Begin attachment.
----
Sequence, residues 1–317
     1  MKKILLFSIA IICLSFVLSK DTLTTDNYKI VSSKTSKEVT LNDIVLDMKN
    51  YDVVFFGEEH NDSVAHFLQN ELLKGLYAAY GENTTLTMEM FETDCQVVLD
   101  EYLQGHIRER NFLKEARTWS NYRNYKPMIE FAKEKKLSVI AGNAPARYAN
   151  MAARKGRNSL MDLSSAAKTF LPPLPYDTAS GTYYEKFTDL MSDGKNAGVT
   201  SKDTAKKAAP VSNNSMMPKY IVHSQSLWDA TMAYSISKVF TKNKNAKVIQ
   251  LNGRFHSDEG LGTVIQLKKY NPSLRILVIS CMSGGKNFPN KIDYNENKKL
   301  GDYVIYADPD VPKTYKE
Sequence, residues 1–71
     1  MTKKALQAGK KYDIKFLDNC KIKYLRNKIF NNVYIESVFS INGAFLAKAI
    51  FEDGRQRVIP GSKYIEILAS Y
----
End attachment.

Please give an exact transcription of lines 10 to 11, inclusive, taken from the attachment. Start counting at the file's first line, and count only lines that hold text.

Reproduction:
     1  MTKKALQAGK KYDIKFLDNC KIKYLRNKIF NNVYIESVFS INGAFLAKAI
    51  FEDGRQRVIP GSKYIEILAS Y